Because every living thing, from man down to an ephemeral insect, pursues the bee to its destruction for the sake of the honey that is deposited in its cell, or secreted in its honey-bag. To obtain that which the bee is carrying to its hive, numerous birds and insects are on the watch, and an incredible number of bees fall victims, in consequence, to their enemies. Independently of this, there are the changes in the weather, such as high winds, sudden showers, hot sunshine; and then there is the liability to fall into rivers, besides a hundred other dangers to which bees are exposed.
The average number of a hive, or swarm, is from fifteen to twenty thousand. Nineteen thousand four hundred and ninety-nine are neuters or working bees, five hundred are drones, and the remaining one is the queen or mother!
Because these organs alone enable the bee to work in the darkness of the hive.
Because a collection of bees, or some such insects, are high in the air, although the musicians are invisible. Mr. Knapp describes these as " the humming of apparently a large swarm of bees."
Because they have been thus domesticated by the ingenuity of man. In the wild state they build in hollow trees, under ground, etc.
Because honey is a simple substance, extracted by bees from the flower; whereas, wax is a secretion found in scales under their belly. The wax-workers, having gorged themselves with the nectar of flowers, hang motionless in festoons in the hive; and in twenty-four hours, scales of a white matter, like talc,are formed under the ring of the abdomen. The wild honey of Palestine has already been noticed at page 254.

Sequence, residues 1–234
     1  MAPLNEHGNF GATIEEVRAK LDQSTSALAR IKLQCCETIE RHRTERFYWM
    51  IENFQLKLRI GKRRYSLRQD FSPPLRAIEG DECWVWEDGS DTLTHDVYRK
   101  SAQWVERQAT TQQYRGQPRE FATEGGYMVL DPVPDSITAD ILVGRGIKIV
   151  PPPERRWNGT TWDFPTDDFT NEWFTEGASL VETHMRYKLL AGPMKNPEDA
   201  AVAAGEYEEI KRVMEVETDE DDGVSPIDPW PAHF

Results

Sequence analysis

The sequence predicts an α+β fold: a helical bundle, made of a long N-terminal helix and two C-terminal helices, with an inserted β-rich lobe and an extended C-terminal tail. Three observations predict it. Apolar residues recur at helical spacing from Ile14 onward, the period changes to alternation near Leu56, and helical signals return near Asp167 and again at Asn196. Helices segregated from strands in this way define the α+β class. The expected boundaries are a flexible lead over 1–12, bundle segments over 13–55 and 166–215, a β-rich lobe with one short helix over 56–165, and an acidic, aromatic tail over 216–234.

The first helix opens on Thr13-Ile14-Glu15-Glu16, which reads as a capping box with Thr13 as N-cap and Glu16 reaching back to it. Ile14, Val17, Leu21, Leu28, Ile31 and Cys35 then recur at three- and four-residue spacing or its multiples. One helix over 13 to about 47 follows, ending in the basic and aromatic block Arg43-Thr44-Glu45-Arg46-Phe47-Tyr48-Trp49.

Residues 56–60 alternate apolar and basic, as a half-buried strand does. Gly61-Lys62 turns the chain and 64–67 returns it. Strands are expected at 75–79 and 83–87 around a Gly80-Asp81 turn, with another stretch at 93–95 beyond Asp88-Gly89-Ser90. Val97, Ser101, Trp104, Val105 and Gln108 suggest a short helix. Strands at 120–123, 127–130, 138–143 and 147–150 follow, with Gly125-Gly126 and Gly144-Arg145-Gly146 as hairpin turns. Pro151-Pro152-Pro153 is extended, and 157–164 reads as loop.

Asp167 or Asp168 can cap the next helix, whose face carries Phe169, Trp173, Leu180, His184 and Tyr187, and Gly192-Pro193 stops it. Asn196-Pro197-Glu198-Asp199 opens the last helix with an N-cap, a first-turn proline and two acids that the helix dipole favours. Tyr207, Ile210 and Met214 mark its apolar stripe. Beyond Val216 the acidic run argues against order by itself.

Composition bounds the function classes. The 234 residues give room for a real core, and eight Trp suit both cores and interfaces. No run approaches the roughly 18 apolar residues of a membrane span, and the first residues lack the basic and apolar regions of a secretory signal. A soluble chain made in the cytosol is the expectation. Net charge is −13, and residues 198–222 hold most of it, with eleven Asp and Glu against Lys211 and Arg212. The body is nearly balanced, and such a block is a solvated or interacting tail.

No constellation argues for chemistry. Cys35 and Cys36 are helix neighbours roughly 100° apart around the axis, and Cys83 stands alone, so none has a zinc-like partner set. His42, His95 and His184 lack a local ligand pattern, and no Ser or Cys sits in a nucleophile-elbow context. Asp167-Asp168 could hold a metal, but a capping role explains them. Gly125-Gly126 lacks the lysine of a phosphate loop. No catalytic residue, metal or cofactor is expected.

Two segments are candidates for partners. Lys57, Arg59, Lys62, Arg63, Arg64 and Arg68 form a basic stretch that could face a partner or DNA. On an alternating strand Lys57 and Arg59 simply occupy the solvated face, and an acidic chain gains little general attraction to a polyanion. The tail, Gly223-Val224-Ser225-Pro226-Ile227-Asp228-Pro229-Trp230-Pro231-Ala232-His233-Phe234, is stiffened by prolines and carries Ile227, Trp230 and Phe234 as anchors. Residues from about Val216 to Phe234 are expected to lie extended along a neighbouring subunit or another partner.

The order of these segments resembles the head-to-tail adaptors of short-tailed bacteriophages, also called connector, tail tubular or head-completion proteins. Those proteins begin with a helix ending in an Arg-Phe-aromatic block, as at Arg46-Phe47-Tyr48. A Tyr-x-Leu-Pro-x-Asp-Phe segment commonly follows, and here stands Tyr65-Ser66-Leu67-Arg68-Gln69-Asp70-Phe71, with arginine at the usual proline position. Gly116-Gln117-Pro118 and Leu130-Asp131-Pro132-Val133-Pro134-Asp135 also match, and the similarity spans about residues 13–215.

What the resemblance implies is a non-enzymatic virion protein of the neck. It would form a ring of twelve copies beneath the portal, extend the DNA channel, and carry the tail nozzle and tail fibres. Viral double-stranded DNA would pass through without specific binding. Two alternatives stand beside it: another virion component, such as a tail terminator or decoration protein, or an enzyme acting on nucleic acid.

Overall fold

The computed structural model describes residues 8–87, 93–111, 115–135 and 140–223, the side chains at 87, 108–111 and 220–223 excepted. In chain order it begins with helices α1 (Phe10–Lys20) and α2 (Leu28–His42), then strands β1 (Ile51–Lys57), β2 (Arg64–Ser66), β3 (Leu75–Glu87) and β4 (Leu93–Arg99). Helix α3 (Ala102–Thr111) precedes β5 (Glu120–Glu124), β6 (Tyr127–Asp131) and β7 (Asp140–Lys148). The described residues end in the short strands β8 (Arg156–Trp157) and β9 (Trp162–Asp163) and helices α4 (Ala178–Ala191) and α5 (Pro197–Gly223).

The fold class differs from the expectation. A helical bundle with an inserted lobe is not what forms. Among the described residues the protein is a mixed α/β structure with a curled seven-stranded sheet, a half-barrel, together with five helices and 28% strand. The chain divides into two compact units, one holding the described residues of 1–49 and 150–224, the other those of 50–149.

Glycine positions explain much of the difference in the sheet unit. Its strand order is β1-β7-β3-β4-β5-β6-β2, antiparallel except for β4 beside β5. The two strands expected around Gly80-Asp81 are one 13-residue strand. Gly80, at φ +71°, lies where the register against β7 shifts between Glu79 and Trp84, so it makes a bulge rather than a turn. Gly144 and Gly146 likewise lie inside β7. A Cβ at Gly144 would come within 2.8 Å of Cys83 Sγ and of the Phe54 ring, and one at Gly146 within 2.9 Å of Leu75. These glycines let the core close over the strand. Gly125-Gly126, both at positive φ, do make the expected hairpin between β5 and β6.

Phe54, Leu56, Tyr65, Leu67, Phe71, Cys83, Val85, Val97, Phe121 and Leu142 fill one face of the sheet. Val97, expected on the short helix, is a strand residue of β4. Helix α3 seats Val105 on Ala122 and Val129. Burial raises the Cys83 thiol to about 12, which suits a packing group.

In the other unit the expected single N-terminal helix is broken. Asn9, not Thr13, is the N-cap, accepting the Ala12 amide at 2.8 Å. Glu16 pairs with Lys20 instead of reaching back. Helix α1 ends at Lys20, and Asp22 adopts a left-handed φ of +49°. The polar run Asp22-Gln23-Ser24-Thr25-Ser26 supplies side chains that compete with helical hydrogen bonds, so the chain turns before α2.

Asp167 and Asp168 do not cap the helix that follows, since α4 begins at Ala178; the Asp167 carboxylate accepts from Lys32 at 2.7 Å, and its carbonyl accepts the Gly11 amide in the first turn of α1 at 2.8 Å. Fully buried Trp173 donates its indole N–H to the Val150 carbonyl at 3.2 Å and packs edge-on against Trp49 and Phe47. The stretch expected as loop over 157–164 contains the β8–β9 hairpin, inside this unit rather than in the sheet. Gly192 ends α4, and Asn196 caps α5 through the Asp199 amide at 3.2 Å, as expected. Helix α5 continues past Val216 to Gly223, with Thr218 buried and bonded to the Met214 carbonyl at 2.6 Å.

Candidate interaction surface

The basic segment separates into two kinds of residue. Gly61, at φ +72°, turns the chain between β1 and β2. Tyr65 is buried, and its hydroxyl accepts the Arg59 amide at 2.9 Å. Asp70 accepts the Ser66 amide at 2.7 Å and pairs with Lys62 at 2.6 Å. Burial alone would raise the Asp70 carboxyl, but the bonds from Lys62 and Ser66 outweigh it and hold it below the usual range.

Because in it the nectar of the flowers is elaborated and converted into honey. The animal vomits it up from this reservoir, and deposits it in the hive.
Because the sense of taste in bees is so unrefined, that it matters little to what neighbourhood some go to gather honey, or from what flower. Dr. Barton, in the American Philosophical Transactions, enumerates such plants as yield a poisonous syrup, of which bees partake without injury, but which has been fatal to man.
Because they not only drink the nectar, and abstract the pollen of the flower, but they appropriate the peach itself. An American writer says, " we have seen twenty or thirty bees devour a peach in half-an hour; that is, they carried the juices of it to their cells."
Because their sense of hearing is very obtuse. Hu-ber says, that" thunder, or the report of a gun, has little or no effect upon them. Sounds are, however, made by the flapping of the wings and other movements of the body, which are distincly heard and understood by bees. Their sense of smelling is, doubtless, acute."